For those who don’t want help

Talking with staff and getting help arranging payment will help people interested in treatment. But what about people that are resistant to getting help? How do you commit someone to rehab when they don’t want to get better? How can you help an addict who doesn’t want help?

Your loved one may approach your conversation by claiming that no problem exists, refusing to accept the reality of their own substance use disorder. This is difficult, and you may find yourself wondering how to help an addict who is in denial. They may try to blame you or others for their addiction, or they may blame their own feelings and decisions on you or others. Your loved one may also come up with reasons for their actions, finding excuses for even the most irrational or inexplicable behaviors, all as a way to justify the choices they’ve made.

But even if you’re faced with this kind of resistance, the situation is not impossible and you are not helpless. First, always stay in communication with the inpatient rehab that may be able to help your loved one. They may be holding a bed for them and will need to know what is going on. The inpatient unit may also have staff who can come out and talk with your loved one themselves, providing a type of intervention to help encourage and motivate them to get into treatment. Either way staying in contact will be one of the most helpful things you can do.

You can also protect yourself and nudge your loved one toward rehab by setting healthy boundaries. If your loved one refuses to enter treatment, it typically doesn’t help to argue with them, criticize them, or tiptoe around trying to avoid conflict. It also doesn’t help to cover for their actions by, say, calling in sick for them at work.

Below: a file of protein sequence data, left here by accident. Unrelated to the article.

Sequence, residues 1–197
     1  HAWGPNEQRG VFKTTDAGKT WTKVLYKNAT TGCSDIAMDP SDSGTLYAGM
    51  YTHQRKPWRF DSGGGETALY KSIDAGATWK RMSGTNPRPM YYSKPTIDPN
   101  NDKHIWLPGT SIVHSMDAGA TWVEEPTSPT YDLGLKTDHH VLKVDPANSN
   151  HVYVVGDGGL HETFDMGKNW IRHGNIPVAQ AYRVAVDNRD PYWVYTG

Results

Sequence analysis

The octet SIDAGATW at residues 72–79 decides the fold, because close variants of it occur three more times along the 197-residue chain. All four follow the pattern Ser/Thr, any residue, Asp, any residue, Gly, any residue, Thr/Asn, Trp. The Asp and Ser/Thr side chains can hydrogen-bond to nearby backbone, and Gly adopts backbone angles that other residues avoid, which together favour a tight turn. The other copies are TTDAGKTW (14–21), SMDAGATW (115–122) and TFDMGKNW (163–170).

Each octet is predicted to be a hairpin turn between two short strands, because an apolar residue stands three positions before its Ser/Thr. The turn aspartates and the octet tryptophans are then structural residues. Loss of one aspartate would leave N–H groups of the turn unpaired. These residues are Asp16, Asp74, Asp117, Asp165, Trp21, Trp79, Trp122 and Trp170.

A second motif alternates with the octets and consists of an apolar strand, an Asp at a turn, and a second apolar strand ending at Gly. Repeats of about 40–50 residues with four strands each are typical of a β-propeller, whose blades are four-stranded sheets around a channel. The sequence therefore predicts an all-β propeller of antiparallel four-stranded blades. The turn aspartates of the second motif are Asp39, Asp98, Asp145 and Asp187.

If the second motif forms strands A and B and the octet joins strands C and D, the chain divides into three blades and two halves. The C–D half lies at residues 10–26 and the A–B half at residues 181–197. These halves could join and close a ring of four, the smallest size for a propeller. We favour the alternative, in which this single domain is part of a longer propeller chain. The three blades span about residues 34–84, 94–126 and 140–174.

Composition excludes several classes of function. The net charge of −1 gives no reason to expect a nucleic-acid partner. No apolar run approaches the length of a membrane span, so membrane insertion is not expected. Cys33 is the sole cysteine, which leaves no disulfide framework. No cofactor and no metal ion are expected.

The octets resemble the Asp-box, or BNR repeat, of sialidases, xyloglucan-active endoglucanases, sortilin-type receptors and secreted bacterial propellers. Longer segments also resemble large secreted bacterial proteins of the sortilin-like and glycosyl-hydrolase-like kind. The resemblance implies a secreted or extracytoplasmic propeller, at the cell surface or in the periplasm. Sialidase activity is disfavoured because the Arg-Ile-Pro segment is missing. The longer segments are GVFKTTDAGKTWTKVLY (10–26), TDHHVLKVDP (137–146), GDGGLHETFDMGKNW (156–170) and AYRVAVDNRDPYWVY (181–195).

Instead, you should set clear boundaries. Tell your loved one that you don’t allow any addictive substances in your house — and that goes for their addicted friends as well. Don’t bail them out if they land in jail. And keep reminding them that you will support them whenever they’re ready to seek treatment.

Talk with family and friends

Talking with your friends and family is the first step to figure out how to get someone into rehab, especially if that person might be reluctant to the idea. It may be difficult for some, but in the end, this gives you the best chance of changing their behavior for the better and getting them into rehab.

First, this has to be an honest talk about what you are seeing and, more importantly, what you are feeling. Let your loved one know how their substance abuse has affected you and the rest of the family. Write down ahead of time what you plan to say, so you can make sure you cover everything you’re thinking and feeling. This discussion is likely to be emotional, and having something to focus on and help you remember the important things will be of great benefit. Your loved one needs to hear all the pain, fear, and anger that you are carrying as a result of their substance abuse.

If your loved one still refuses to enter treatment, you may want to consider bringing a professional interventionist into the loop to help you. At an intervention, your loved one will face you, other family members, friends, and other important people from their life to hear about the effects of their addiction. Interventions force your loved one to realize the impact their addiction is having on those they care about.